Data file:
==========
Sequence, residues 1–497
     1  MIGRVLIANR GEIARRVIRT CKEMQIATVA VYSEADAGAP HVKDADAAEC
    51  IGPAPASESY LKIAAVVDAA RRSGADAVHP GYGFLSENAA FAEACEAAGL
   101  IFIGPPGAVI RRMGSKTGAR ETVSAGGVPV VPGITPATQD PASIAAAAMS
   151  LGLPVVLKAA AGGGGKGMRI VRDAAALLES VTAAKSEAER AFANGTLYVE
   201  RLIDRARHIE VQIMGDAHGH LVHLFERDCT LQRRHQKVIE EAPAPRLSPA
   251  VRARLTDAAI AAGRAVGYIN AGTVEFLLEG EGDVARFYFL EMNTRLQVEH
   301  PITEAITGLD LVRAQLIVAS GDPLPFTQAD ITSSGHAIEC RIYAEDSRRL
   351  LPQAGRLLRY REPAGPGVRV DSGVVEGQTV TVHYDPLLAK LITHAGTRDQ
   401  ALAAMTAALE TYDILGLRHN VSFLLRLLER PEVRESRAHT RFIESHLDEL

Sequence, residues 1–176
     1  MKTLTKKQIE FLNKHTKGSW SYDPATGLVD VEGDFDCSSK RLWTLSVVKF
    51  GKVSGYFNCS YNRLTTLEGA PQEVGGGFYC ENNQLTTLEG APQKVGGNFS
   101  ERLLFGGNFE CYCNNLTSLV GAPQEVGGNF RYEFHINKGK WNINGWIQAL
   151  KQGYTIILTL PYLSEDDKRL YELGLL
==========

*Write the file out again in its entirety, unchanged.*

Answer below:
Sequence, residues 1–497
     1  MIGRVLIANR GEIARRVIRT CKEMQIATVA VYSEADAGAP HVKDADAAEC
    51  IGPAPASESY LKIAAVVDAA RRSGADAVHP GYGFLSENAA FAEACEAAGL
   101  IFIGPPGAVI RRMGSKTGAR ETVSAGGVPV VPGITPATQD PASIAAAAMS
   151  LGLPVVLKAA AGGGGKGMRI VRDAAALLES VTAAKSEAER AFANGTLYVE
   201  RLIDRARHIE VQIMGDAHGH LVHLFERDCT LQRRHQKVIE EAPAPRLSPA
   251  VRARLTDAAI AAGRAVGYIN AGTVEFLLEG EGDVARFYFL EMNTRLQVEH
   301  PITEAITGLD LVRAQLIVAS GDPLPFTQAD ITSSGHAIEC RIYAEDSRRL
   351  LPQAGRLLRY REPAGPGVRV DSGVVEGQTV TVHYDPLLAK LITHAGTRDQ
   401  ALAAMTAALE TYDILGLRHN VSFLLRLLER PEVRESRAHT RFIESHLDEL

Sequence, residues 1–176
     1  MKTLTKKQIE FLNKHTKGSW SYDPATGLVD VEGDFDCSSK RLWTLSVVKF
    51  GKVSGYFNCS YNRLTTLEGA PQEVGGGFYC ENNQLTTLEG APQKVGGNFS
   101  ERLLFGGNFE CYCNNLTSLV GAPQEVGGNF RYEFHINKGK WNINGWIQAL
   151  KQGYTIILTL PYLSEDDKRL YELGLL